a text-book and as the only authoritative edition of the "" The old treatise known as the "San-ts'ang," noticed above, was also edited by Kuo and furnished with a commentary: and he composed other books on subjects connected with the language.
The extinction of the Chin dynasty in 420 was followed by that division of the empire known as the South and North Dynasties, which lasted to the year 588. Of this period, however, only the portion embraced by the Southern Dynasties Ch'i (齊) and Liang (粱), extending from 479 to 557, is of much importance in connection with our subject. It marks an epoch in the cultivation of the language, and is regarded as the period in which the study of etymology began to flourish.
The first name to mention is that of Chow Yü (周顒) al. Chow Yen-lun (彥倫) who lived in the second half of the fifth century. He was a native of Ju-nan, in the province of Honan, and held office, but he is remembered only as an author on the language. The treatise ascribed to him was the "Ssŭ-shêng-ch'ie-yun" (四聲切韻), Words Pronounced According to the Four Tones. This is said to have been the first native work in which the four tones — P'ing, Shang, Ch'ü, Ju — were distinguished, and also one of the earliest treatises in which the fan-ch'ie mode of giving the sounds was systematically adopted. The work was long since lost, and its contents are known only by the statements of subsequent writers. Of Chow Yen-lun the well-known story is told that when Liang Wu Ti refused to recognise the four tones, the courtly scholar convinced him of their existence by the expression T'ien-tzŭ-shêng-choh (天子聖哲), Your Majesty is saintly wise. This story is told also of Shên Yo, and of his disciple Chow Shi (周捨).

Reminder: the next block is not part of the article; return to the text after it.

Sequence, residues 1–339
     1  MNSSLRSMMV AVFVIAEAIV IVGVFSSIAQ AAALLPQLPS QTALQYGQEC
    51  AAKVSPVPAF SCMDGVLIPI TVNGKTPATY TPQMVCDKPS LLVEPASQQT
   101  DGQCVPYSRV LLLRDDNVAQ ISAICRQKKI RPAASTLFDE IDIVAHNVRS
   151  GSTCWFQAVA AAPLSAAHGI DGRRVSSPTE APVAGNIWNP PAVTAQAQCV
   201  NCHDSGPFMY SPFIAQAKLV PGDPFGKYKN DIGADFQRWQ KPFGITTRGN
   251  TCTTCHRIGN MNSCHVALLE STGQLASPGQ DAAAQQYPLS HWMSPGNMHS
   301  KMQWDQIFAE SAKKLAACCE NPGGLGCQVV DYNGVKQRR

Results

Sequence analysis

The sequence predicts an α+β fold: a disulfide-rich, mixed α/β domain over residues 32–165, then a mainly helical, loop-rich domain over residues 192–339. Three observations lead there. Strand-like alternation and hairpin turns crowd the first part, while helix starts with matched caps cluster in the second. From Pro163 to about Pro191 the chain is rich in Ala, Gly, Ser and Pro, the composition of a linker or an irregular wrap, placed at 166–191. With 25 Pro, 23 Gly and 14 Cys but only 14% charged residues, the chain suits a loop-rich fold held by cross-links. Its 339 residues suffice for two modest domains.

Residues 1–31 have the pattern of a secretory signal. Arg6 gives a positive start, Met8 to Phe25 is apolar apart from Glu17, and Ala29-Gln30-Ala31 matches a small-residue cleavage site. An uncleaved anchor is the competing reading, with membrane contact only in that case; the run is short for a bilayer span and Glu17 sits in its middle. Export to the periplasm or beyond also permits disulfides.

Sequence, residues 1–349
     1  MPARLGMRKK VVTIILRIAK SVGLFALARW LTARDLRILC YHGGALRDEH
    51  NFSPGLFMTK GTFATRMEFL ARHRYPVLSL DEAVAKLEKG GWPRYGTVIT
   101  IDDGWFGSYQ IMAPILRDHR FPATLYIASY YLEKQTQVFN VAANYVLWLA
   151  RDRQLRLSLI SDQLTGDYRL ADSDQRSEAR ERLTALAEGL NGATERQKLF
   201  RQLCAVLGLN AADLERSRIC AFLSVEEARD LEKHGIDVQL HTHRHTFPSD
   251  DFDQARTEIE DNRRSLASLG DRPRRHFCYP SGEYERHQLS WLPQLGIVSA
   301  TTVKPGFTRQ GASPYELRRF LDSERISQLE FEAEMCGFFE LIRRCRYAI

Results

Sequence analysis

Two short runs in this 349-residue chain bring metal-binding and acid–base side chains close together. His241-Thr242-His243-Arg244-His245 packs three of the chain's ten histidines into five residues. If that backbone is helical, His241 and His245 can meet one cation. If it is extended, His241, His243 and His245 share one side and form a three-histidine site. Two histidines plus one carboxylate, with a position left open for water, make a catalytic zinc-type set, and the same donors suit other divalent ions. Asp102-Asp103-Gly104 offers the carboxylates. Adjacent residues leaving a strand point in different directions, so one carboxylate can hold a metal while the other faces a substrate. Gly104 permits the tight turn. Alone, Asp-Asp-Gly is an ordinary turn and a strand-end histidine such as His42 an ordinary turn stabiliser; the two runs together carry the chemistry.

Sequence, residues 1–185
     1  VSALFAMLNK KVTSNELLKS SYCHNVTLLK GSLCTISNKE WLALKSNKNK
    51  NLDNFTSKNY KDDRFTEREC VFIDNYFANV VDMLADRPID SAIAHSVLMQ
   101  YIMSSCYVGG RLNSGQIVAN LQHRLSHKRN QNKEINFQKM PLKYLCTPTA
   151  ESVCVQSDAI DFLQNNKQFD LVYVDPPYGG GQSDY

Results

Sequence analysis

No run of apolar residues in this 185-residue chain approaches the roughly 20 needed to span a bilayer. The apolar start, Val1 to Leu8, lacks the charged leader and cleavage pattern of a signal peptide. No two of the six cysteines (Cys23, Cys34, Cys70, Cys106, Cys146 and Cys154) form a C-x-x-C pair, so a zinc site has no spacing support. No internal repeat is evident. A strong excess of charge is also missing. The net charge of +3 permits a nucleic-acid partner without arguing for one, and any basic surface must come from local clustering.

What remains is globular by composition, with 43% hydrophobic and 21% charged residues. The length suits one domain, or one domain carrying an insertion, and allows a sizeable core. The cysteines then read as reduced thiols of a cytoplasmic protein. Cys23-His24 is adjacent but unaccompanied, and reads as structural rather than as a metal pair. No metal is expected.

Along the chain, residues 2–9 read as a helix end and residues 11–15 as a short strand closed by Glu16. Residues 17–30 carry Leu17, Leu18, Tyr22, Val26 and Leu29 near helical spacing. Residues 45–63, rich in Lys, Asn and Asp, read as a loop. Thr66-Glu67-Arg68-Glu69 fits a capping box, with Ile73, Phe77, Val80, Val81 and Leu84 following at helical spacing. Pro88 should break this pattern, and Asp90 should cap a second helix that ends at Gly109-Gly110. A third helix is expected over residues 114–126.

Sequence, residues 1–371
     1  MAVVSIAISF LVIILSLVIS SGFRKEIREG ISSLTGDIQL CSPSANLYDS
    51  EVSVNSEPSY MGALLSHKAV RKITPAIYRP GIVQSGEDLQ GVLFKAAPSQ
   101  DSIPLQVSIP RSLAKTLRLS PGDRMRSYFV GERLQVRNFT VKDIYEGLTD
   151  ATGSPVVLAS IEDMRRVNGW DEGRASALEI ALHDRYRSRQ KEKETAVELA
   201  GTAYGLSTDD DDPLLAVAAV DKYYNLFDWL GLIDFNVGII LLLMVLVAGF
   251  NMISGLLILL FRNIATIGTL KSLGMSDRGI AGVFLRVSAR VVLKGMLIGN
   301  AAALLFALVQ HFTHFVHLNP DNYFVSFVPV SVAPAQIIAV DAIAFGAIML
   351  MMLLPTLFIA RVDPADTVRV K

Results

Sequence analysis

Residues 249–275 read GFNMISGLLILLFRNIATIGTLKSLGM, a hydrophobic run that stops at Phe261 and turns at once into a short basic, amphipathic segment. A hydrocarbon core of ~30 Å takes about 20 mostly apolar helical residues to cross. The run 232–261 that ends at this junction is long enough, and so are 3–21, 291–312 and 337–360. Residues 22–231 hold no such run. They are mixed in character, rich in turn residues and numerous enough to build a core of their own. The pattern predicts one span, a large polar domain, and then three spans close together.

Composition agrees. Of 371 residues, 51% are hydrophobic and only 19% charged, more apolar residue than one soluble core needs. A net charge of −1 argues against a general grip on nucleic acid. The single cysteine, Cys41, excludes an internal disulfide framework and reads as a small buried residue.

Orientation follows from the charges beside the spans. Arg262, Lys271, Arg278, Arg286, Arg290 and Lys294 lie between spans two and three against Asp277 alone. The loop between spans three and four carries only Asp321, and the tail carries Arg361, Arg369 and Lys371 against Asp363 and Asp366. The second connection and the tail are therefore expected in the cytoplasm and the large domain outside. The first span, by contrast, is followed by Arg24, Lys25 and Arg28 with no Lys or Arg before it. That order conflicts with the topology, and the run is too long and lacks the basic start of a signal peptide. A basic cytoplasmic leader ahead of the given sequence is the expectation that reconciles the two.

Next to Chow Yen-lun comes Shên Yo (沈約), al. Shên Hsiu-wên (休文). The native place of Shên was Wu-hsing (吳興) in the present prefecture of Hu-chow, near the T'ai-hu
- "Chin.shu," chap. lxxii.; Mayers' Ch. R. M., No. 304; 爾雅註疏 (in 十三經), Int.; 方言註 Pref.; 文中子, chap. vi.
- "Ku.shi, etc., Yin-lun," 中 chap.; "Li-shi-yin-chien," chap. ii.; "Yun-hsio"; Ma T. L., chap. clxxxix.